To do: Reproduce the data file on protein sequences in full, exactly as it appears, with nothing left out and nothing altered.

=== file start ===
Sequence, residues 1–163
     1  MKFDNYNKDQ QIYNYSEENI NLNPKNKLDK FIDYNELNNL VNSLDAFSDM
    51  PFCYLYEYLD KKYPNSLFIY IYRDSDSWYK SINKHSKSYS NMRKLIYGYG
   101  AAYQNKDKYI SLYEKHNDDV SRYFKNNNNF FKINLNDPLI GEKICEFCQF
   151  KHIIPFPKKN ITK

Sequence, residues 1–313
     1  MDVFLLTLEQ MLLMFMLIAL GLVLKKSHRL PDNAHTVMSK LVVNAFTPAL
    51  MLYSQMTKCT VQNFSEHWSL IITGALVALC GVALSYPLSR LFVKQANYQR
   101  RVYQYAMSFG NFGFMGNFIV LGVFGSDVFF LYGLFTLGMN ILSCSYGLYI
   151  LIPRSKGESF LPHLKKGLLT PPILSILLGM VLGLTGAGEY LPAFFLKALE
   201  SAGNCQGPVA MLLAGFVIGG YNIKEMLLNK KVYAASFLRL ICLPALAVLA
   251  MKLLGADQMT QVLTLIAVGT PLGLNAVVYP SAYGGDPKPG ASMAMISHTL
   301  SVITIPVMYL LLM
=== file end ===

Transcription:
Sequence, residues 1–163
     1  MKFDNYNKDQ QIYNYSEENI NLNPKNKLDK FIDYNELNNL VNSLDAFSDM
    51  PFCYLYEYLD KKYPNSLFIY IYRDSDSWYK SINKHSKSYS NMRKLIYGYG
   101  AAYQNKDKYI SLYEKHNDDV SRYFKNNNNF FKINLNDPLI GEKICEFCQF
   151  KHIIPFPKKN ITK

Sequence, residues 1–313
     1  MDVFLLTLEQ MLLMFMLIAL GLVLKKSHRL PDNAHTVMSK LVVNAFTPAL
    51  MLYSQMTKCT VQNFSEHWSL IITGALVALC GVALSYPLSR LFVKQANYQR
   101  RVYQYAMSFG NFGFMGNFIV LGVFGSDVFF LYGLFTLGMN ILSCSYGLYI
   151  LIPRSKGESF LPHLKKGLLT PPILSILLGM VLGLTGAGEY LPAFFLKALE
   201  SAGNCQGPVA MLLAGFVIGG YNIKEMLLNK KVYAASFLRL ICLPALAVLA
   251  MKLLGADQMT QVLTLIAVGT PLGLNAVVYP SAYGGDPKPG ASMAMISHTL
   301  SVITIPVMYL LLM